April 27, 2016
Organic food and fiber in the U.S. are growing despite themselves. Even last week Miles McEvoy, deputy administrator of the National Organic Program, touted the double-digit growth of certified operations in the U.S. which are now 21,000, with 31,000 around the world. While this $40-plus billion industry is indeed exploding on the shelves in U.S. supermarkets, only 1 percent of agriculture in the U.S. is dedicated to growing organic. This ravenous appetite for organic food and fiber is percolating into a frothy peak, yet we just aren’t producing what we need to feed the growing hunger. The fact that Costco is buying land and equipment, partnering with organic growers to meet demand is commendable—but it’s not going to quench the bigger dilemma.
A spark is needed in agriculture, and the organic check-off may be the ingredient that serves up the juiciest future.
Right now in U.S. agriculture, it pays to do the wrong thing. Our tax dollars get funneled into farm subsidies that support the largest polluters, the biggest pesticides sprayers, the numerous nitrate- fertilizer applicators and the bevy of GMO seeds propagators. Through this unholy arrangement, billionaires and tycoons are receiving farm subsidies from the federal government. Imagine if there was a reserve of funds specifically for organic farmers, farms and companies.
A recipe for success could be an idea whose time has finally come.
The idea of an organic check-off program has been toyed with and re-imagined for decades. Check-off programs traditionally get paid solely by farmers and help support a single growing industry sector—you know their jingle … “Got Milk” and the “Incredible Edible Egg.” This organic check-off, appropriately deemed GroOrganic, is quite different. It’s not our mothers’ check-off because it is unique and unprecedented in the way it represents all organic items on your plate—from fruit to bread to meat. Everyone pays a little, and everyone benefits a lot, and that’s just the icing on the cake!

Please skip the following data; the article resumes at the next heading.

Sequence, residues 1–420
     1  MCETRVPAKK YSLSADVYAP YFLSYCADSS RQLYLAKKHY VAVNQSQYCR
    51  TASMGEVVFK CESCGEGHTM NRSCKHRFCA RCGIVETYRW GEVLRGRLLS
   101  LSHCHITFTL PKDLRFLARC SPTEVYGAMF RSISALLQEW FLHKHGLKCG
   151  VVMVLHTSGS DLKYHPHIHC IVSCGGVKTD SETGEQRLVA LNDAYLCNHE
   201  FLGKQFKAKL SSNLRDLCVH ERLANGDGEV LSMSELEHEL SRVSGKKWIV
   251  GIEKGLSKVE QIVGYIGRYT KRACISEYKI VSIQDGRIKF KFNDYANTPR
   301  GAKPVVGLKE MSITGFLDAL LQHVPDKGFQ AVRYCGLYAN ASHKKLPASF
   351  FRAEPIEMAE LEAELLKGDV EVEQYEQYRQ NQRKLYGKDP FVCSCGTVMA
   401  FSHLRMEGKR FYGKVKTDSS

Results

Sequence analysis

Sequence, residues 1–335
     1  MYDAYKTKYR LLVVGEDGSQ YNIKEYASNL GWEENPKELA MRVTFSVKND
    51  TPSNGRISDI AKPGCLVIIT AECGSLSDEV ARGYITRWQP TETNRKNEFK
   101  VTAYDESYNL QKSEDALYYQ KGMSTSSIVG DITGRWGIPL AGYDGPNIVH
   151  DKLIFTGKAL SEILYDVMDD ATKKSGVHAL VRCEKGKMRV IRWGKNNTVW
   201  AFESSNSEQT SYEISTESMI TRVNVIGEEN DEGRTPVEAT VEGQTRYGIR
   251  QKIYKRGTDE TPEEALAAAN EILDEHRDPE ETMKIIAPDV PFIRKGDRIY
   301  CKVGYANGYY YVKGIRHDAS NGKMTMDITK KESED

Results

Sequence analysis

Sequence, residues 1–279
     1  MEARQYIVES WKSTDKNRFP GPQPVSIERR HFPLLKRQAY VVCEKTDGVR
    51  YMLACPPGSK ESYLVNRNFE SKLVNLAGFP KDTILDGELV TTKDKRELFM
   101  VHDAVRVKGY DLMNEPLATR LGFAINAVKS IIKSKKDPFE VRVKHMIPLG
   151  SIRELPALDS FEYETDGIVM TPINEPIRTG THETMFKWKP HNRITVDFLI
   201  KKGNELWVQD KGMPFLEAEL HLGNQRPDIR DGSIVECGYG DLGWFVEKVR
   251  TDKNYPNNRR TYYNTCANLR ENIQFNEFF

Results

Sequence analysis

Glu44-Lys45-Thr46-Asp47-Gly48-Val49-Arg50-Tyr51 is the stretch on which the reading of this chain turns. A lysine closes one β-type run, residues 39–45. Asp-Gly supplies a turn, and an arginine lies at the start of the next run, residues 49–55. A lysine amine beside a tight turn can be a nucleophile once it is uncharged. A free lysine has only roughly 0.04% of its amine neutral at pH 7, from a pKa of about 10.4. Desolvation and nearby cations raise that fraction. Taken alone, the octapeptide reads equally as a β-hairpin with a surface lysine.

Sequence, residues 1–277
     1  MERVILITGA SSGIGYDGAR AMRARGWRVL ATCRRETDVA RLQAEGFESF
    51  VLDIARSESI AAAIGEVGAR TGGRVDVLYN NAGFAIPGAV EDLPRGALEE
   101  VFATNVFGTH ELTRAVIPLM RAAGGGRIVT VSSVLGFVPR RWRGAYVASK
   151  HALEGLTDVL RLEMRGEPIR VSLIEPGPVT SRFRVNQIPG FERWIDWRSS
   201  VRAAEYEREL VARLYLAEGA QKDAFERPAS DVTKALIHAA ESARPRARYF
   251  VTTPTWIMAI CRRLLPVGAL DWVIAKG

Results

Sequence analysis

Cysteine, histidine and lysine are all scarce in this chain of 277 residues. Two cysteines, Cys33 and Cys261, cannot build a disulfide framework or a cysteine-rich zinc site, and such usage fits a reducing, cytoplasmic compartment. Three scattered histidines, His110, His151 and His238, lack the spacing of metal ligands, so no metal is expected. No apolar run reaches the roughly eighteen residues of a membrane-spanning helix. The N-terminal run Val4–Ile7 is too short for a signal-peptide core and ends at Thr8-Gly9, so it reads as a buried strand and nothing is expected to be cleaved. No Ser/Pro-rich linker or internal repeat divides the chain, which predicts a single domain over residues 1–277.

Let’s imagine the benefits that GroOrganic could provide:
An organic check-off could raise over $30 million a year for promotional, educational and research activities, which over time would be a game changer for the organic sector. With a well-organized properly planned and carefully monitored program it would help the industry to:
Educate consumers about what organic is and its benefits.
I can see the front page ad in The New York Times explaining that organic is grown without toxic pesticides, synthetic fertilizers and GMOs. Imagine the smile on mothers’ faces when they realize there is a federal agency dedicated to enforcing the organic standards. I can feel the delightful surprise when a network television commercial describes the environmental benefits of organic methods. I could easily chow down on media like this!
Distinguish organic from lesser claims and unregulated seals like natural.